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Is Cereal Good For Bulking? All You Need to Know

You may have seen some of your favorite influencers devouring entire bowls of cereal in an attempt to gain weight. As a result, you may have been left wondering, “is cereal good for bulking?” In this article, we’ll be going over why not all cereals are made equal. While they can be an excellent choice for bulking, make sure you choose relatively healthy options. Of course, it’s important to prioritize protein intake while bulking as well.

Is cereal good for bulking? It depends! While cereal can be a great source of carbs and calories, make sure you’re buying whole grain options with high fiber and low sugar. This will help ensure you’re choosing more generally healthy options compared to the highly processed sugary options available.

Is Cereal Good For Bulking

Is Cereal Good for Bulking?

In short, yes, cereal is good for bulking as long as you’re choosing the right options. As we’ll cover more in-depth below, there are a lot of unhealthy, sugar-loaded options available when it comes to cereal. As long as you’re sticking to lower sugar and higher fiber options, cereal is a great convenient source of carbs.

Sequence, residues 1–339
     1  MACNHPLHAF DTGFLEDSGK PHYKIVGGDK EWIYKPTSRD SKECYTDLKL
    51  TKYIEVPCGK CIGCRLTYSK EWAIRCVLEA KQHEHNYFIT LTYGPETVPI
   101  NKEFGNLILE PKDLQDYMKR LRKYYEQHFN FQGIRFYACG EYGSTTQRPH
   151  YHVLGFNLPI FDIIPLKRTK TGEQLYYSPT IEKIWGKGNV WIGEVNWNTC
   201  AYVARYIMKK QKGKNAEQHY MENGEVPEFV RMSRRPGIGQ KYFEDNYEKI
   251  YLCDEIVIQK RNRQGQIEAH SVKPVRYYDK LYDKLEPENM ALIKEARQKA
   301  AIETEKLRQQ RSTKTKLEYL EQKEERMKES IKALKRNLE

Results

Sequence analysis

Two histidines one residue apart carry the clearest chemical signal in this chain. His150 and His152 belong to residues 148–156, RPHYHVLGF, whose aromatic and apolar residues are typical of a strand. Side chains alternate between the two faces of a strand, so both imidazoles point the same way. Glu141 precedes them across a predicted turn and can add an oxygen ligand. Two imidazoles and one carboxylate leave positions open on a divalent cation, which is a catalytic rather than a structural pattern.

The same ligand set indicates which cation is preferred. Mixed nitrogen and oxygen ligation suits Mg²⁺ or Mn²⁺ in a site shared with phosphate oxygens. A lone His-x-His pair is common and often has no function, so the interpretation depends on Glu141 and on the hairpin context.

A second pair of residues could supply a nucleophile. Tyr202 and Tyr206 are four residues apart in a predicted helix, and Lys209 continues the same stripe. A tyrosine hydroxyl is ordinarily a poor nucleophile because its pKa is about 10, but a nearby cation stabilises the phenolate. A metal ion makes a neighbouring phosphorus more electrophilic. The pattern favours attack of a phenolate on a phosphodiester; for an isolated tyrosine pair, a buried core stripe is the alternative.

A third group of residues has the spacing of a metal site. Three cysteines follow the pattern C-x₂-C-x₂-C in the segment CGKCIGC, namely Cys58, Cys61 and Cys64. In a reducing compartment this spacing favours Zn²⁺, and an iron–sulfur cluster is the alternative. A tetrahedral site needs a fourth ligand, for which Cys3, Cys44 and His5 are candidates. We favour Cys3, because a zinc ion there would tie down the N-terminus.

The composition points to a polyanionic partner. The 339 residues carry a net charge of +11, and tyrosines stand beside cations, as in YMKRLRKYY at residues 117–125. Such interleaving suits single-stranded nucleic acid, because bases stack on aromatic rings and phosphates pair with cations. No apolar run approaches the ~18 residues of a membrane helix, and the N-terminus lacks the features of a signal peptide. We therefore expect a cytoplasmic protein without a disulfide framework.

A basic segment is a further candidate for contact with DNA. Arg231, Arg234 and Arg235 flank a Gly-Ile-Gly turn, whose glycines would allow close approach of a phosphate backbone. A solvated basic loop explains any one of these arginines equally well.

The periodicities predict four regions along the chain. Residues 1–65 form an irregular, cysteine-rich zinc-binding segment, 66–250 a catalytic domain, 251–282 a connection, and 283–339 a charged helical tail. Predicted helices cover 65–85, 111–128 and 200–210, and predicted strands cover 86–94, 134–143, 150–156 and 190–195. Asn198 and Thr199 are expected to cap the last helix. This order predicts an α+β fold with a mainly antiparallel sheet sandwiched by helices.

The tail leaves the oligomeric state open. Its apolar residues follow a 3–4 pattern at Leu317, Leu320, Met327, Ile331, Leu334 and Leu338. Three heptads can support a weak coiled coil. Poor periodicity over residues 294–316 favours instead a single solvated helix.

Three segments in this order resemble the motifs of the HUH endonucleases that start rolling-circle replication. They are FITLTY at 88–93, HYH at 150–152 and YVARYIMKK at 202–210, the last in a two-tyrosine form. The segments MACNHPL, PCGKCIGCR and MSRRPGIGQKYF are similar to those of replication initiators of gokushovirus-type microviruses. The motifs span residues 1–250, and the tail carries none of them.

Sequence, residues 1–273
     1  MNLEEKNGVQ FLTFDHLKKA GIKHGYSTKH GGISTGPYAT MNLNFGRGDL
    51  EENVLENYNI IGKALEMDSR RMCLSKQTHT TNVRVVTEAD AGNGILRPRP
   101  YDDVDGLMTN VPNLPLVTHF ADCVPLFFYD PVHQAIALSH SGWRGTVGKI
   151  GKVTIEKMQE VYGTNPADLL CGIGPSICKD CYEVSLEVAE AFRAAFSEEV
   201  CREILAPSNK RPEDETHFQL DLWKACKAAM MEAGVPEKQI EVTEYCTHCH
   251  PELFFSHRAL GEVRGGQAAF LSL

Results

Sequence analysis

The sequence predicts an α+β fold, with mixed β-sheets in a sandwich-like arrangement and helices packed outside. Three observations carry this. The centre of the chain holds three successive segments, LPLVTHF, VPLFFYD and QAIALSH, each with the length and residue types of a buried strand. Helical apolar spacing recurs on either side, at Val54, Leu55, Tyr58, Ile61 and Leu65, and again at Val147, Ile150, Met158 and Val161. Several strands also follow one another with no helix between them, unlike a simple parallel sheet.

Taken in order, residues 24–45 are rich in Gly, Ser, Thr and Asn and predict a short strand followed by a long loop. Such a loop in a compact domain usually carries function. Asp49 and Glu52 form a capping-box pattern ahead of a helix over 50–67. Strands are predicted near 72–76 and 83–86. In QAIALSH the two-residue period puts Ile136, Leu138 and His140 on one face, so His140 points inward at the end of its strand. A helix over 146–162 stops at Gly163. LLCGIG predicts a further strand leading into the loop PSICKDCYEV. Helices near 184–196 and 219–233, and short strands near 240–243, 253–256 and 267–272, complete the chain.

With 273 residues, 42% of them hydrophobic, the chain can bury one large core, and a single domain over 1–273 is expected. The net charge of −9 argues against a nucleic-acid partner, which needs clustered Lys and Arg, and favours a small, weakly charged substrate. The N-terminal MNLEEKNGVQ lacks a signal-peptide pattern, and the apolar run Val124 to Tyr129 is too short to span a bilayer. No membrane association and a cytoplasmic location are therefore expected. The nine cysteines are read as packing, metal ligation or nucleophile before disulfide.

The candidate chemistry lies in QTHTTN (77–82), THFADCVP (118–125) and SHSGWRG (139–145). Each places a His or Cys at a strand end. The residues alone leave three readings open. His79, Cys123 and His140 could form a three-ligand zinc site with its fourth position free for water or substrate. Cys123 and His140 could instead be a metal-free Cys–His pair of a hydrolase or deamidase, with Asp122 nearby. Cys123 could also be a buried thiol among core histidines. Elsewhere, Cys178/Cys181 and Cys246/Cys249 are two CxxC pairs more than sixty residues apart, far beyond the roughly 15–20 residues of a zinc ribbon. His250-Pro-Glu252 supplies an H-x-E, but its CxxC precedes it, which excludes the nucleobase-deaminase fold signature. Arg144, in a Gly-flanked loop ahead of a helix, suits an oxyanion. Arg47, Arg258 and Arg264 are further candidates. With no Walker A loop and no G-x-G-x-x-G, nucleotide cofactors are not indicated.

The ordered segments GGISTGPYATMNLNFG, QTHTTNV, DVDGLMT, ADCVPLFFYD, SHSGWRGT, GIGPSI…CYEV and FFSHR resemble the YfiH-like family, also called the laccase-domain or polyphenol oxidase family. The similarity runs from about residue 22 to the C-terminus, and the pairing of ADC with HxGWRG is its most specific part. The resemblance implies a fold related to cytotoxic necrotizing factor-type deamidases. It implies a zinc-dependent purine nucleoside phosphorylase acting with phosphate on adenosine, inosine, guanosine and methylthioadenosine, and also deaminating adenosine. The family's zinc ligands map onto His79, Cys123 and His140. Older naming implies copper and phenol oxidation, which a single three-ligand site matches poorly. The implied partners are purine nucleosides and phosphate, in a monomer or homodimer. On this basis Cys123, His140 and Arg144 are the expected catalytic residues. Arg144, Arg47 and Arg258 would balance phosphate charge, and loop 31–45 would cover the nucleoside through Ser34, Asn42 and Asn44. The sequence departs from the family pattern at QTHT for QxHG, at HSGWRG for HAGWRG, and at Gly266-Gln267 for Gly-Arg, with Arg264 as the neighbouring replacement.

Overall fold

While it’s not exactly a complete meal, when paired with some fruit and protein powder, it can be part of a nutritionally complete and calorically dense meal.

Overall, while we’ll be focusing on how to pick the “healthiest” cereal possible, remember there’s nothing wrong with having “unhealthy” cereal in moderation if you’re mainly eating high-quality whole foods. Heavily limiting yourself can make it harder to eat well for a longer time frame. We recommend a flexible approach that accommodates your own personal needs.

While we can recommend generally “healthier” options, we’re not seeking to demonize any specific foods! As long as you’re eating so-called “unhealthy” foods in moderation as part of an otherwise healthy diet, they shouldn’t cause much of a problem.

Benefits of Cereal

As a general guideline for this section, we’ll be discussing the nutritional information for Quaker’s Shredded Wheat Cereal provided by USDA. While it may not necessarily be the best cereal for bulking or the best cereal for bodybuilding, it is certainly a good and healthy option when considering cereal for muscle gain. Keep in mind that more sugary options will have less protein and fiber and significantly more sugar.

With this being said, defining foods as “healthy” and “unhealthy” is largely subjective. If you already eat a high-fiber diet, getting some more in through cereal won’t make a major difference. Overall, consider your diet as a whole to determine which foods are best for you! If you eat a high-quality diet, there’s nothing wrong with having some “unhealthy” cereal in moderation – especially if your goal is to gain weight.